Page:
pushing is for things you don't need anyone's approval e.g. you can always push to a feature branch that you've created yourself and have been committing to.

While you can create a pull request between two branches you've created yourself and can push onto. You almost never do that.

I've done that though when I was working on a big feature and already approvals on my pull request, but needed to make a tricky change, so I created a PR against my existing branch.

If you then need approval, then you don't want to push. You want others to:

  1. review your branch
  2. give you approvals 3a. fetch your branch 3b. merge it with master

(3a+3b = git pull)


Also a semi-related question I recommend reading What exactly happens in a git push? Why isn't a git push considered just like a git merge?

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    for people that don't realize that there is a permission difference between push and pull, this answer makes a lot of sense. – buddie Oct 31 '17 at 8:31
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Pull Request: I Request to you to Pull mine.

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    I as a user view it from my perspective, shouldn't it be " I request to push it to you ?" I >>> You - You're changing the point of reference twice in the same context... rathern than I >>>> You <<<< Mine – Marin Nov 21 '16 at 2:58
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    This answer makes the most sense. – shivams Mar 8 '18 at 6:10
  • Easy peezy lemon squeezy – Ivan Ivković Jan 31 '20 at 15:22
  • I request to you to pull mine..... from where??? I am understanding this would be from a fork of the original project? or from a local copy? – KansaiRobot May 4 '20 at 2:27
  • @KansaiRobot From local copy or your working directory. – hepidad Oct 23 '20 at 4:52
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I want to push something to someone else's repo.

I do not have the permission to push (or pull, for that matter).

The owner/collaborators has permissions. They can pull as well as push. I cannot push.

So, I request them to perform a pull from me - which indirectly means that I am requesting them to accept my push.

So, no request for push. Only for a pull. And for acceptance of a push.

Hence, a 'pull' request. And not a 'push' request.

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It's the word "Request" that is key in these actions. You could also think of it as saying "I have a request for you to take my work, do you accept?" - "A Pull Request".

It's slightly confusing at first, but makes sense eventually.

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I'm afraid that most of these answers address the question What does 'pull request' mean? or What would 'push request' mean? rather than the OP's question: Why is it called a pull request and not a push request?

Normally this sort of question-replacement is acceptable, but in this case it is clear that the OP knows the answers to these replacement questions, so answering them is not very helpful.

Only the people at GitHub that coined the term know for sure. However it seems evident that this terminological choice reflects something like the following viewpoint concerning the phenomenon of "changes coming in to a repository from outside": The maintainer does the action (pull).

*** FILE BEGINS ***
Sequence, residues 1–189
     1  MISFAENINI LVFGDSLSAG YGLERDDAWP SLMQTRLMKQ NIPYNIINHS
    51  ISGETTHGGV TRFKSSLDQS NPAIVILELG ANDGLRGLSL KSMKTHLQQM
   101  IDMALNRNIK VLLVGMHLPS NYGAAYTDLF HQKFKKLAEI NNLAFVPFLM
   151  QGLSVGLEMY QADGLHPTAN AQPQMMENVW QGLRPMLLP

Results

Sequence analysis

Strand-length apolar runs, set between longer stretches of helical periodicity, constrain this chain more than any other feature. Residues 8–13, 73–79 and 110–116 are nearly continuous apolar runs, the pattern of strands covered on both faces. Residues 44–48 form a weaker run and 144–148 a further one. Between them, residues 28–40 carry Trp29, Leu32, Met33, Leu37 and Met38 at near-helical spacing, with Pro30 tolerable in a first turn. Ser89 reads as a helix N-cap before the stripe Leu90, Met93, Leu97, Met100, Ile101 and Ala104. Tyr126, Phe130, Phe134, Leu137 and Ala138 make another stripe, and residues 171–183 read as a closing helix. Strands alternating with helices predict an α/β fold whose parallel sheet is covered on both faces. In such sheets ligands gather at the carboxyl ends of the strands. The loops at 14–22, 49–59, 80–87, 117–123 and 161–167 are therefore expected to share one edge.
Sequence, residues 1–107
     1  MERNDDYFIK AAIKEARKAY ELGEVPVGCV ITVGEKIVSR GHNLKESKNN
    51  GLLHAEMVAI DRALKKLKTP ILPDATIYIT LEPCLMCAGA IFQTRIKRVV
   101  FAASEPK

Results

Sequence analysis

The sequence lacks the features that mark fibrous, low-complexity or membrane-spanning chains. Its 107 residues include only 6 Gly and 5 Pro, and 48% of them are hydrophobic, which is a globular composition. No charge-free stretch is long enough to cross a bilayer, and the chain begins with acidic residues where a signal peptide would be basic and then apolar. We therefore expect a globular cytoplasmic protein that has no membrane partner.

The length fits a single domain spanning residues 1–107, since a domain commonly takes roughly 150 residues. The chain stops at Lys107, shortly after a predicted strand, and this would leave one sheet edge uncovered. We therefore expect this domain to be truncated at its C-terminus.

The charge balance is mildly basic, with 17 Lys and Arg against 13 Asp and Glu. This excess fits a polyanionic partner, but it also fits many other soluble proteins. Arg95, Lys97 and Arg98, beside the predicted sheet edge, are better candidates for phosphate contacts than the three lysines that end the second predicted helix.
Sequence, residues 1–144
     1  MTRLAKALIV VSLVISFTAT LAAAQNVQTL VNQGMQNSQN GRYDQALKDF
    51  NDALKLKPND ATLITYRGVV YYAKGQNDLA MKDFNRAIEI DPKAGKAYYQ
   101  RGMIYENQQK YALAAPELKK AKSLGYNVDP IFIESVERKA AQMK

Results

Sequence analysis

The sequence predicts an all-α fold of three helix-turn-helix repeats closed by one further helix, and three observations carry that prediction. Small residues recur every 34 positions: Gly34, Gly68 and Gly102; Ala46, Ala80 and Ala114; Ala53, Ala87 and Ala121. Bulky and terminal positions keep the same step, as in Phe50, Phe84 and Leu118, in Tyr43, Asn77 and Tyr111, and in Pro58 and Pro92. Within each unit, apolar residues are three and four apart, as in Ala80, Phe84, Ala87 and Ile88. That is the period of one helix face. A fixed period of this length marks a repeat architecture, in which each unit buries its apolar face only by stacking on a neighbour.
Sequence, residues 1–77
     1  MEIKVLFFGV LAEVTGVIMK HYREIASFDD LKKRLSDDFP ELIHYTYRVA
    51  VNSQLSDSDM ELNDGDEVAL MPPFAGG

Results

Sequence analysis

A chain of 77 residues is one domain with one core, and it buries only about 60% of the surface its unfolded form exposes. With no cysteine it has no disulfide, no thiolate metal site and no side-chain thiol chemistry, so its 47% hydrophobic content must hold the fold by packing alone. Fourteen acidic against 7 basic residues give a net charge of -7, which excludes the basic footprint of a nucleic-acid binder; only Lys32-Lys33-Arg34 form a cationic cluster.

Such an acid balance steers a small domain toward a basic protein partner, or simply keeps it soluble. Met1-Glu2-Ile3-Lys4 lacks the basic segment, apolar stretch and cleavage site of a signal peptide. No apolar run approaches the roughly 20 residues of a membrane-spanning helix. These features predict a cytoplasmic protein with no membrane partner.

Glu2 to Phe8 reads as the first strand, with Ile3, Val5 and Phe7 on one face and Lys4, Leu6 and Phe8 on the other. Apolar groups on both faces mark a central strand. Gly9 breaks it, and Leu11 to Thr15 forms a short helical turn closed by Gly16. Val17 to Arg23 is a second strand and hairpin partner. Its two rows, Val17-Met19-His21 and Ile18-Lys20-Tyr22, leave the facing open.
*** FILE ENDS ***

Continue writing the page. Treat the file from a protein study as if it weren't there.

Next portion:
However, a request is also an action, and the doer of that action is not the maintainer but rather the submitter (who has done even more action, namely work). Thus the term 'pull request' creates confusion about who the agent is. Ultimately the confusion arises because of the recursive nature of a request: A request is both an action by a primary agent and a request for a future action by a second agent.

The situation is quite analogous to now-common linguistic constructs like "we built our house" (used in place of "we paid someone else to build our house"), in that responsibility for the primary action is shifted from the obvious original agent to a secondary agent fulfilling a managerial social role.

One might conclude from this that the reason for the terminological choice is legitimization of the viewpoint that managerial work is first-class labor. Moreover the reason for confusion about this terminological choice may be that non-manager workers naturally have a different viewpoint.

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To understand this better and remember it forever, you need to picture it.

Picture a big, living tree {as your repository}. The tree is too sturdy for you to push a branch into in or add a new part into it {symbolizes creating a new branch or you pushing code in it}, instead you must ask the tree to pull a branch into the trunk or have the changes from you.

The term “pull requests” comes from the distributed nature. Instead of just pushing your changes into the repository (like you would do with a centralized repository, e.g. with Subversion), you are publishing your changes separately and ask the maintainer to pull in your changes. The maintainer then can look over the changes and do said pull.

So you basically "request" the guys with writing access to the repo you want to contribute to, to "Pull" from your repo.